How many holes does the Obama administration’s Cuba travel policy have? Apparently, quite a few.
Note to Treasury: Tourism to Cuba is Against U.S. Law
Can someone explain how elitist art patrons — paying $8,000 per person — to cruise Cuban ports is not tourism?
Moreover, how this helps “promote the [Cuban people’s] independence from the authorities,” which is the stated purpose of the Obama Administration’s “people-to-people” trips?
Also, since when are foreign cruise ships “authorized Cuba travel providers”?
And whom does this trip benefit? Other than the Cuban military’s Cimex and Cubanacan corporations, which own and operate all of the island’s cruise facilities and which, last we checked, were on Treasury’s “specially designated nationals” list.
As a reminder, according to Section 910 of the 2000 Trade Sanctions Reform and Export Enhancement Act (TSREEA):
PROHIBITION ON TRAVEL RELATING TO TOURIST ACTIVITIES-
(1) IN GENERAL- Notwithstanding any other provision of law or regulation, the Secretary of the Treasury, or any other Federal official, may not authorize the travel-related transactions listed in paragraph (c) of section 515.560 of title 31, Code of Federal Regulations, either by a general license or on a case-by-case basis by a specific license for travel to, from, or within Cuba for tourist activities.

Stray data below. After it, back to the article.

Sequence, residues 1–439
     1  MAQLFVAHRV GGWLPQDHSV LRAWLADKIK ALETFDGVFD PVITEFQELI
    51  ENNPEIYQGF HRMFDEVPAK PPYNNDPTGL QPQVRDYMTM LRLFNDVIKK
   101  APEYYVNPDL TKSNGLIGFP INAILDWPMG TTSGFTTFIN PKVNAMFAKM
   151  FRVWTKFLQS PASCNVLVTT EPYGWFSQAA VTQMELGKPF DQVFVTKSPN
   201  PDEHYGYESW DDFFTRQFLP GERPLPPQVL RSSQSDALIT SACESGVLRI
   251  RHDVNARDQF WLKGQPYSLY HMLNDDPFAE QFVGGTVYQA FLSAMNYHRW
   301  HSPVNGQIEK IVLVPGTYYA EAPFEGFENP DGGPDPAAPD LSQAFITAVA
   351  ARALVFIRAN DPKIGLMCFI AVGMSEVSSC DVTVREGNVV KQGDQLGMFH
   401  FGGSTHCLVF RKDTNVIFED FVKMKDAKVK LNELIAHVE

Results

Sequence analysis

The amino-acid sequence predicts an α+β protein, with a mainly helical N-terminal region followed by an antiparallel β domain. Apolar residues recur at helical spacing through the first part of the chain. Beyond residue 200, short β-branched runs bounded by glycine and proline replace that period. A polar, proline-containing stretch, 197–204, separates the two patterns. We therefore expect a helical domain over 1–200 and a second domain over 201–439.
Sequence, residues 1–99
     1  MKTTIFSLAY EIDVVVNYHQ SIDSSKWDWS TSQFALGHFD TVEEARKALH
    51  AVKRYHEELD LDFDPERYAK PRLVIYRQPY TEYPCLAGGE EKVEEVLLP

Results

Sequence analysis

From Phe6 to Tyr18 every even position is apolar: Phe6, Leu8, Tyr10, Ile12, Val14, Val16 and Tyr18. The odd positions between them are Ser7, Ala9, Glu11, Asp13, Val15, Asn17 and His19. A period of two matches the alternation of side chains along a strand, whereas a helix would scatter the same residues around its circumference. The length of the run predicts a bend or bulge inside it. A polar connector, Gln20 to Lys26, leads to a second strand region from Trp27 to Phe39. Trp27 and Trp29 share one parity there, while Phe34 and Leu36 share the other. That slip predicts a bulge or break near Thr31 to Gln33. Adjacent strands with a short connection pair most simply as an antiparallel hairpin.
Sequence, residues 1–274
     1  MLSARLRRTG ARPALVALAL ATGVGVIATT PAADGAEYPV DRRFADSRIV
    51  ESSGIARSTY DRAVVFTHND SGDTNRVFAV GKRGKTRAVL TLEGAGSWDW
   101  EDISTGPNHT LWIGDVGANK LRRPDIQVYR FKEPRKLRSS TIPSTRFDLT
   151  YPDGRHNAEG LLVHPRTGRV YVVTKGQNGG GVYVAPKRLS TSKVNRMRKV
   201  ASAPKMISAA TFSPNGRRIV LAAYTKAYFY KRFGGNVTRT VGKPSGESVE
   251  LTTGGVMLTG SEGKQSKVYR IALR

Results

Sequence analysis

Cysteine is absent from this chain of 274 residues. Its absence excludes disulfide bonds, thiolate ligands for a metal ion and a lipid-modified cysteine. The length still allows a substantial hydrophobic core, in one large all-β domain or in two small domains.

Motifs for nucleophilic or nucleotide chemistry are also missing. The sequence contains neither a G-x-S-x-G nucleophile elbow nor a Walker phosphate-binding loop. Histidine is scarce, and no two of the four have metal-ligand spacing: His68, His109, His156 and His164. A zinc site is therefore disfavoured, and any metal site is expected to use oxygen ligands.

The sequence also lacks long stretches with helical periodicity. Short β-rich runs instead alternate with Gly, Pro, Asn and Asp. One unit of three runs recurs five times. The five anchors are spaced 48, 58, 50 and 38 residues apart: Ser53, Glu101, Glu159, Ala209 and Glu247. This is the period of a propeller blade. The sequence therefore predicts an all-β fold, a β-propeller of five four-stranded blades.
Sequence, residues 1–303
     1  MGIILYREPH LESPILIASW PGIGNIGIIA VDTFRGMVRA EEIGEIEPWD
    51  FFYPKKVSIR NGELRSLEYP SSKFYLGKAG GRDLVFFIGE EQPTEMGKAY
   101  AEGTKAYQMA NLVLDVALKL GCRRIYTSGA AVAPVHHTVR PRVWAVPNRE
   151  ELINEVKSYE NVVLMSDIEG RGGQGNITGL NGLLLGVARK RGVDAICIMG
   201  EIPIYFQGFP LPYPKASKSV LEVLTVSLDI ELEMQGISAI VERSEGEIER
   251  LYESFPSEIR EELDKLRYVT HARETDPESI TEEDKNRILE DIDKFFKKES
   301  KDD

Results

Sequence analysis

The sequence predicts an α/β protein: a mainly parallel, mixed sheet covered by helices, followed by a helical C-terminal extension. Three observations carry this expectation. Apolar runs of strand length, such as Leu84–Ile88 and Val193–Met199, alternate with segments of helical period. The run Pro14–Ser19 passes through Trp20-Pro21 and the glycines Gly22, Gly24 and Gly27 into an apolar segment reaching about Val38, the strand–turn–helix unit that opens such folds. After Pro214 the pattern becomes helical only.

How is this not a tourist activity?
From the Detroit Free Press:
The Metropolitan Museum of Art just posted a trip, “Havana and Beyond Aboard Sea Spirit” on two dates — April 5-15 and April 15-25 — that has a twist not seen before in fledgling U.S.-Cuba tourism ventures.
Not only does it provide the “people to people” itinerary allowed by the U.S. government since 2011, it features a small ship cruise. Travelers will board the Sea Spirit in Montego Bay, Jamaica, then sail to various ports in Cuba such as Maria la Gorda, Isla de la Juventud, Cienfuegos, Trinidad, Camagüey, Santiago de Cuba and Havana.
The trip starts at $7,995 per person.